AbCellera, based in Vancouver, British Columbia, closed a Series B financing worth $105 million. The round was led by OrbiMed and DCVC Bio, with an investor syndicate that includes Viking Global Investors, Peter Thiel, Founders Fund, Eli Lilly and Company, University of Minnesota and Presight Capital.
AbCellera focuses on therapeutic antibodies, screening, choosing and analyzing millions of naturally produced antibodies to be used as next-generation drug candidates. The funding will be used to add staff, open a new 48,000-square-foot research-and-development facility in 2021, and build a GMP manufacturing facility to produce biologics for clinical testing.
The company has completed more than 55 programs, including multi-pass membrane protein targets like GPCRs and ion channels. The antibodies have led to therapeutic antibody candidates for a broad range of indications, including cancer, immuno-oncology, neurodegeneration, pain, fibrosis, and metabolic disorders.
“Drug development takes too long, fails too often, and costs too much,” said Carl Hansen, chief executive officer of AbCellera. “With the backing of visionary investors, we will double-down on our strategy of making long-term investments in technology and teams that are needed to put drug development on the fast track. We’re building a modern operating system for drug developers to ensure the best science is translated quickly into new therapies for patients.”
The COVID-19 pandemic has highlighted the importance of therapeutic antibodies, as a potential preventative and treatment for the novel coronavirus, SARS-CoV-2, that causes the disease. The CoVIg-19 Plasma Alliance was formed with more than 10 companies to accelerate the development of a plasma-derived hyperimmune globulin therapy against COVID-19.
Another antibody-focused company, Sorrento Therapeutics, based in San Diego, has identified an antibody against SARS-CoV-2 that in laboratory tests is 100% effective in clearing the virus. In addition to a deal to develop a three-antibody cocktail with Mount Sinai against COVID-19, they are also developing the primary antibody as a monotherapy against the disease, with clinical trials expected to begin this summer.
But as the AbCellera financing suggests, the uses for therapeutic antibodies are far broader than just for infectious diseases.
AbCellera leverages microfluidic technology that allows for automation of some of its basic research functions, enabling them to scan thousands of antibodies at a time and using machine learning to analyze them.
“We interrogate millions of immune cells and pull out the ones that have properties that are good for drugs,” Hansen told Forbes. “Then we break those cells open and sequence their DNA.”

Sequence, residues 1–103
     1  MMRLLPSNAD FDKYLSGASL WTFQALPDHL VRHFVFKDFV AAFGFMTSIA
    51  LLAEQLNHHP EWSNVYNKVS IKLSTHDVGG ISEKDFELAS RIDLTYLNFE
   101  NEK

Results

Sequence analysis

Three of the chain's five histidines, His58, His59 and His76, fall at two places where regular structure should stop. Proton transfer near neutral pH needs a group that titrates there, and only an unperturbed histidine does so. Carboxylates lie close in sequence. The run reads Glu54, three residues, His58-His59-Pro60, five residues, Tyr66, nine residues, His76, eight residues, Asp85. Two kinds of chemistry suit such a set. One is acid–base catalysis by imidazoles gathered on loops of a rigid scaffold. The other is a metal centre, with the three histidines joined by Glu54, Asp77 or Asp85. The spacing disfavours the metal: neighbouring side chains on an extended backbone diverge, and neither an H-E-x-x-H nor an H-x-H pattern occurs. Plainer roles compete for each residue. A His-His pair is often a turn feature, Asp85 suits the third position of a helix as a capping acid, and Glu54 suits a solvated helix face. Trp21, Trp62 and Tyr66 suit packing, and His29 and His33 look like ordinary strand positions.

In addition to analyzing for efficacy and binding qualities, they also screen for ease of manufacture, which allows easier scale-up. Hansen says it’s a process similar to fermentation used to make beer.
The company’s work is built on Hansen’s research at the University of British Columbia in 2005, which combined genomics, microfluidics and other techniques to speed sorting of antibodies for drug discovery. He and four others cofounded AbCellera in 2012 with about $725,000 raised from friends and family.
Within three years it began signing collaboration deals with biopharmaceutical companies, which now include Eli Lilly, Pfizer, Gilead Sciences and Novartis.
Hansen told Forbes, “We’ve been essentially doubling revenue and headcount every year.”
And yes, AbCellera is working on antibodies against SARS-CoV-2. They began by taking samples from patients who recovered from the disease in February, and within 10 days had identified promising antibody candidates. They then sent those candidates to Eli Lilly for further evaluation. On March 12, AbCellera and Lilly inked a development and manufacturing partnership and Lilly announced in April that it plans to file an Investigational New Drug (IND) application by the end of May, with expectations for launching clinical trials shortly afterwards.
Prior to the Series B round, AbCellera had only raised $10 million in a Series A led by Data Collective in 2018.
As part of the scale-up, it plans to hire up to 100 new staffers, bringing total headcount to about 240.
The company recently won a $124 million grant from the Canadian government to assist in building a manufacturing plant to make antibody therapies that would help respond to future pandemics. The grant was via the Innovation, Science and Economic Development’s (ISED) Strategic Innovation Fund (SIF) and is in response to the COVID-19 pandemic.
“Our government is mobilizing its resources to confront COVID-19, supporting the researchers and businesses that are working hard to develop medical countermeasures to beat this pandemic,” stated the Honourable Navdeep Bains, Canada’s Minister of Innovation, Science and Industry. “Today’s contribution will support AbCellera Biologics as they use their world-leading technology to rapidly identify solutions for COVID-19 while ensuring Canada’s long-term preparedness for future health challenges.”